FreshMeat #15: Free Agent Irritation

FreshMeat #15 from Steve Portigal

               (oo) Fresh                  
                \\/  Meat

Reach out and touch some FreshMeat!
Freedom’s just another word for nothin’ left to lose
From the Internet boom came several new iterations of the structure, symbols, and meaning of work. Casual Fridays evolved into casual day every day, and that became you’re-lucky-I’m-even-wearing-pants day. Dogs in the office and unisex bathrooms became common reference points (although relatively uncommon experiences for most workers).

Perhaps one of the most over-hyped notions was the dawning of the Free Agent era – the independent professional of the future, someone who worked with others only as needed, rapidly shifting organizational "structure" in a dynamic and tantalizingly post-modern setting. Daniel Pink and Fast Company launched the movement in 1997 and the Free Agent Nation became one of those concepts (just like the paperless office and smart appliances) that we all like to imagine even though we don’t really believe they will happen.

And then the boom faded, burst, crashed, and recessed. Suddenly, large numbers of workers were figuring out what was next – many of them from the Internet industry, where the classic norms of work had been most dramatically tested. And the Free Agent path held some promise for them.

(Full disclosure – as of this writing, I’m nearing the end of my first year of self-employment, although I don’t describe myself as a Free Agent necessarily).

And so, bold experiments were launched – alliances, strategic partnerships (without being business partners), quid pro quo deals, visions for unbranded groupings, branded groupings, everything imaginable, and then some. Although if you look closer, you’ll see a bunch of folks with home offices, DSL connections, and cell phones, imagining that there’s some middle ground between this and life in cubicle-land.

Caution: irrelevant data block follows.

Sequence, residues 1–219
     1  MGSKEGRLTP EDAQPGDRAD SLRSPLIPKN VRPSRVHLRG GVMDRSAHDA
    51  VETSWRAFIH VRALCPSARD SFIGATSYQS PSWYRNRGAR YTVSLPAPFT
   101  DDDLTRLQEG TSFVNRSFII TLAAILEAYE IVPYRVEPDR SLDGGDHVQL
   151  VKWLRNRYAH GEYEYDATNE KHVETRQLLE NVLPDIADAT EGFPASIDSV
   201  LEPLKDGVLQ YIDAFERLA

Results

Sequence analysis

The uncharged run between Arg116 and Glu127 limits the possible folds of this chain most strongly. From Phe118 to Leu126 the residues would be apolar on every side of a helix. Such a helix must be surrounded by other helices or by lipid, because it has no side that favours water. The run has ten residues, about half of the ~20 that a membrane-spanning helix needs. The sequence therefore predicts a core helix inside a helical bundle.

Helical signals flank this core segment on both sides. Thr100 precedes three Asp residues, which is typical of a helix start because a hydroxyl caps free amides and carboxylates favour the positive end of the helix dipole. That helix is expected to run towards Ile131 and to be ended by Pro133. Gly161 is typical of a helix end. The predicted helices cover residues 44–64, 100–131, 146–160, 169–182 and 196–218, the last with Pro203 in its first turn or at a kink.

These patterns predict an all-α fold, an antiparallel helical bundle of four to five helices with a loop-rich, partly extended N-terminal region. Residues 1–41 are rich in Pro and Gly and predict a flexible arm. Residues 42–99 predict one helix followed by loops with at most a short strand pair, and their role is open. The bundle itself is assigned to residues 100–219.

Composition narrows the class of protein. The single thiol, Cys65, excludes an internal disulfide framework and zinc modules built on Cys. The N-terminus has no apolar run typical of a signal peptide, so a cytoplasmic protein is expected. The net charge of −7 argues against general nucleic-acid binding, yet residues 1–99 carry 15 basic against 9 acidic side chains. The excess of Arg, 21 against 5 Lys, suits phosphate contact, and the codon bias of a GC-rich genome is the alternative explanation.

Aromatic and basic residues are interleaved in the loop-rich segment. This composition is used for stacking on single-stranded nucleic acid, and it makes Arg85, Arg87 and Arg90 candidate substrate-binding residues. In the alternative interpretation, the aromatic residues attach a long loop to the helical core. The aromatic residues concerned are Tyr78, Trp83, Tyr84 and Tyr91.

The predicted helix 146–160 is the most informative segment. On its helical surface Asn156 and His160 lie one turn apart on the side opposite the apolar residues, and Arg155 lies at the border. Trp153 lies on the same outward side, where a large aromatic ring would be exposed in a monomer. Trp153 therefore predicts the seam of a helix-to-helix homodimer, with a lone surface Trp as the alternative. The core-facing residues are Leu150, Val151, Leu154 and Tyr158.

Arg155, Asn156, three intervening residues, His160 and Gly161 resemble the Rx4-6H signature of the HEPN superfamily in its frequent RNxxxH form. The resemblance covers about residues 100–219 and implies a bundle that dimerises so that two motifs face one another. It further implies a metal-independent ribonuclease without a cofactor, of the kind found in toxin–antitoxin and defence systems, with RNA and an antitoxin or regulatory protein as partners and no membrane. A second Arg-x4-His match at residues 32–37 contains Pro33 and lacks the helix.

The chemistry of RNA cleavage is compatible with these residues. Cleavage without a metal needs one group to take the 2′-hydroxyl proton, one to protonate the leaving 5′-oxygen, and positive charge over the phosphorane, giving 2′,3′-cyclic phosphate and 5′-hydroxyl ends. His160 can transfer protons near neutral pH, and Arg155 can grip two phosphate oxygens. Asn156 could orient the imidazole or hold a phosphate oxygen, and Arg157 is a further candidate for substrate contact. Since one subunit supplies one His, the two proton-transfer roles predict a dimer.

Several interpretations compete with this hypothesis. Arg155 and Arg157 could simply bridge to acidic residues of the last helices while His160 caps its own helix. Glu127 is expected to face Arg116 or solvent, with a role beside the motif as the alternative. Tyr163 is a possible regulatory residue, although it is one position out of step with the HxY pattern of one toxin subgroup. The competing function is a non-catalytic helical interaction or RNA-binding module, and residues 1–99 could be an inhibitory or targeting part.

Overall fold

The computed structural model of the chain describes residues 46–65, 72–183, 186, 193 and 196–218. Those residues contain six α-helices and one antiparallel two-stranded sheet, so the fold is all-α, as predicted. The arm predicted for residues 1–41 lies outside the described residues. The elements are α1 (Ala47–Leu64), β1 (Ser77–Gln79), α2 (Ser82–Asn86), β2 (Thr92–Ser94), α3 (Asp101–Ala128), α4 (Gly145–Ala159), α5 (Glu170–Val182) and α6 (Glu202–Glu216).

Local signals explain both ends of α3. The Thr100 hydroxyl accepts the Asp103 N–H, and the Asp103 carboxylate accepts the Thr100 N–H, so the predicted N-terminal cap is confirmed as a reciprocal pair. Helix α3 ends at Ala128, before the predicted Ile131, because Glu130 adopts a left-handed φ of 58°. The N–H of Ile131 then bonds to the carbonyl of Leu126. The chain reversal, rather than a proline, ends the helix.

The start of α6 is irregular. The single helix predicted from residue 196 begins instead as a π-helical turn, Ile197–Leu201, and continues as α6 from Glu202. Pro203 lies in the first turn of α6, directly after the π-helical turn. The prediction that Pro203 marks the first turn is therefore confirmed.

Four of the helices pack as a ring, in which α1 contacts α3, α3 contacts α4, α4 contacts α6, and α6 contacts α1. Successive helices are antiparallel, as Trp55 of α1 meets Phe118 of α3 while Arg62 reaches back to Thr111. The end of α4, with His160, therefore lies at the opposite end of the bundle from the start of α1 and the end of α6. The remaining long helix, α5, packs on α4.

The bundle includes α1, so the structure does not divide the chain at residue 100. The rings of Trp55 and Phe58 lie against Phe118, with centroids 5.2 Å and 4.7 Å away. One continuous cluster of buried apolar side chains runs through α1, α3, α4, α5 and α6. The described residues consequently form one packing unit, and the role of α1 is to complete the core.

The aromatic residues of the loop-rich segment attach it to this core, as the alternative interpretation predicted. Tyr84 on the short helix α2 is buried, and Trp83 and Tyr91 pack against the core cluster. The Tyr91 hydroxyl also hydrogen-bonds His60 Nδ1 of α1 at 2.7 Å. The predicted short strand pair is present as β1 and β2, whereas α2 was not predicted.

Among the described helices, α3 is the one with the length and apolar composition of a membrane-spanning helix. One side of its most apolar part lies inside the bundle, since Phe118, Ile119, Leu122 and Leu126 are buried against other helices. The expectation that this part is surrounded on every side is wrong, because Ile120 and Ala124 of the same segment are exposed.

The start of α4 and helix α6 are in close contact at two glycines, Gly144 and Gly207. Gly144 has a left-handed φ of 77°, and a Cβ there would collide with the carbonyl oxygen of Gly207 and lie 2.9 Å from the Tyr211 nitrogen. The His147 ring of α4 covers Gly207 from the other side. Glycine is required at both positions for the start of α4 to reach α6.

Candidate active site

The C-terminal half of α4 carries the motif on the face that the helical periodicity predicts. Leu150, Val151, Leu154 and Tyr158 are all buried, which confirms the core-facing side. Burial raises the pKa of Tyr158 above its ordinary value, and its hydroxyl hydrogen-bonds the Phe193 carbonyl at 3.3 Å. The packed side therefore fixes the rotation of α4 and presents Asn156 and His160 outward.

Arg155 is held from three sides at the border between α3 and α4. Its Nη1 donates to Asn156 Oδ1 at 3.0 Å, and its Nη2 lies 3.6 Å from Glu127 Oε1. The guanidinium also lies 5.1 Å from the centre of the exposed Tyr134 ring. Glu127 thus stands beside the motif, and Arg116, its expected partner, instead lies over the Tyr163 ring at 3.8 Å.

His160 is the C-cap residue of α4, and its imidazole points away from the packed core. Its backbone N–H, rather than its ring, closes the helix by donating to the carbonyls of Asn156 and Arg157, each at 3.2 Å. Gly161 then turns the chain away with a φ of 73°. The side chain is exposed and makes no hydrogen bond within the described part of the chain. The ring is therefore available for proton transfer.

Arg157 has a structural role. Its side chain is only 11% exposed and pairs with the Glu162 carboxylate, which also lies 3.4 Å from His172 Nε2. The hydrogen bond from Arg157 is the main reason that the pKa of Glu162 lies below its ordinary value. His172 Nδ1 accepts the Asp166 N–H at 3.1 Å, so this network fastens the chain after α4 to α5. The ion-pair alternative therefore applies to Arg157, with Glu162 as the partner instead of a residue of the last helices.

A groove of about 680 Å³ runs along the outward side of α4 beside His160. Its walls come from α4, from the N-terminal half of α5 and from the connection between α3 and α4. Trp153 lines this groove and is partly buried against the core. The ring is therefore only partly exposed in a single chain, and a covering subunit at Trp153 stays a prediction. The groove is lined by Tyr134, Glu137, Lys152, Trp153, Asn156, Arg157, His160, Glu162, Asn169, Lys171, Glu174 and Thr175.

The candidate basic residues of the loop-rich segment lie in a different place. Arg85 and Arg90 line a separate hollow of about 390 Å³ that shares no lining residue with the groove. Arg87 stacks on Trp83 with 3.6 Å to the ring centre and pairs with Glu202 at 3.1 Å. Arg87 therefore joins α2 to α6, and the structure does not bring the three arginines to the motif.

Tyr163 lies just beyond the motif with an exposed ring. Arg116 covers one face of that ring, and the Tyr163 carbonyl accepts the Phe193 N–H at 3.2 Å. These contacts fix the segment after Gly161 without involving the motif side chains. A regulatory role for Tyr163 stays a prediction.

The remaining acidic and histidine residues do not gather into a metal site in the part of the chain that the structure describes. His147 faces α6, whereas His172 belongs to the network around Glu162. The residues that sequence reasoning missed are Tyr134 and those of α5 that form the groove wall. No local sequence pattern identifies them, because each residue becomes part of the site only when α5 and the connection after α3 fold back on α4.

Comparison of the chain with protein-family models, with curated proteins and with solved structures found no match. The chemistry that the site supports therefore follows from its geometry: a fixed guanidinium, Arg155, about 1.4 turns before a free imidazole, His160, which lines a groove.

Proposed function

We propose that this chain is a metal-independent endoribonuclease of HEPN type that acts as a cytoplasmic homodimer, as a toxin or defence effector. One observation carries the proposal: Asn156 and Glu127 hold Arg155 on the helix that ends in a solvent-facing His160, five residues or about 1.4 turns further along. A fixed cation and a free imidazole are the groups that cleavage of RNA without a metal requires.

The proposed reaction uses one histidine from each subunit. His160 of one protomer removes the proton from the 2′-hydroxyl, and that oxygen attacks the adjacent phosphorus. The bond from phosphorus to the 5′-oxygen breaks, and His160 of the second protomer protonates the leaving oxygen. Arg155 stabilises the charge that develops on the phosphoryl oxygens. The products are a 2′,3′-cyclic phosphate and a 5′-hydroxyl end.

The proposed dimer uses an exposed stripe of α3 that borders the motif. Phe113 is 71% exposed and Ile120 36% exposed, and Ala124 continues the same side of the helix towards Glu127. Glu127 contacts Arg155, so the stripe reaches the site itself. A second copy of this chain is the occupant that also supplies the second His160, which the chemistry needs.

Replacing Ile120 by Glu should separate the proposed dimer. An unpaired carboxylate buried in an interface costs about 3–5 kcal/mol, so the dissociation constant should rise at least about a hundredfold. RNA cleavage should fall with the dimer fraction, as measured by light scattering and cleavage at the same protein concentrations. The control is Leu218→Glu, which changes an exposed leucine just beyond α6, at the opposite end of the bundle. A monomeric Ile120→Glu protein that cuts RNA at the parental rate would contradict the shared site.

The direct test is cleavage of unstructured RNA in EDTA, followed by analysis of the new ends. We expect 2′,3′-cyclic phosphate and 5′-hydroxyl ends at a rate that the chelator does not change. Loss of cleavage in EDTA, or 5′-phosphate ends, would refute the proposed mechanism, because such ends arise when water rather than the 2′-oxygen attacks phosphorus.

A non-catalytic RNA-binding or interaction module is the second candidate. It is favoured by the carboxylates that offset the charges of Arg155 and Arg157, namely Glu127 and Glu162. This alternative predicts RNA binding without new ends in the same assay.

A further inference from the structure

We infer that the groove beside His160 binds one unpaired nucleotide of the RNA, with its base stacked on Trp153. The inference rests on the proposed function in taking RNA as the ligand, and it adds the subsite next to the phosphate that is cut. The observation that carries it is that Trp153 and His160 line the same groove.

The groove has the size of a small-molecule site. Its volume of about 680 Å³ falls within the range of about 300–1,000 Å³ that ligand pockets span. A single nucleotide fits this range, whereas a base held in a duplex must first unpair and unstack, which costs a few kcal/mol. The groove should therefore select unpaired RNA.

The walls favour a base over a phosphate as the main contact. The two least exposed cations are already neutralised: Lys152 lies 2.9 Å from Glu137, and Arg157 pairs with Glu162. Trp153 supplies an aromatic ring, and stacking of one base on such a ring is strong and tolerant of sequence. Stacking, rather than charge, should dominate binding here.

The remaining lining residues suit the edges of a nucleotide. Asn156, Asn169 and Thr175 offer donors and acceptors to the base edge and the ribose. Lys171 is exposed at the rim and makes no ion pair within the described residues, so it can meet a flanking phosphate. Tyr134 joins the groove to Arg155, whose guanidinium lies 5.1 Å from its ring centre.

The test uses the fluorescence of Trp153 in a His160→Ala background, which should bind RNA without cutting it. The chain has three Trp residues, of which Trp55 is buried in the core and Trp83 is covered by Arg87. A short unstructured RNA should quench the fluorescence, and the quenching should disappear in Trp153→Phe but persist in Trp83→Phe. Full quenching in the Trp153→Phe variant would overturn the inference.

Although it is tempting to identify with the romantic notion that the Free Agent movement puts forward, I really just see myself as someone who works at home, making good use out of technologies like DSL and the mobile phone. It’s been interesting to see how people react to me as a professional, since I present without many familiar corporate trappings. And it’s been a learning experience for me to realize how and when to move a little closer to that "corporate" image. For example, an answering machine is a home technology, but voice mail (which answers calls when I am on the phone) is a work technology. Eventually I realized this was essential, and switched to voice mail (although, the fact that my answering machine broke down may have had some amount of influence over this shift).

Or, consider the role of the web site. I believe my web site articulates my background and offering well (although if you disagree, please tell me!) but I also know that the level of visual refinement was somewhat less than corporate standards. Not something mission-critical, but a part of my business identity that I could obviously improve on. And so, several months ago, I set out to do just that – find someone to help evolve my web site.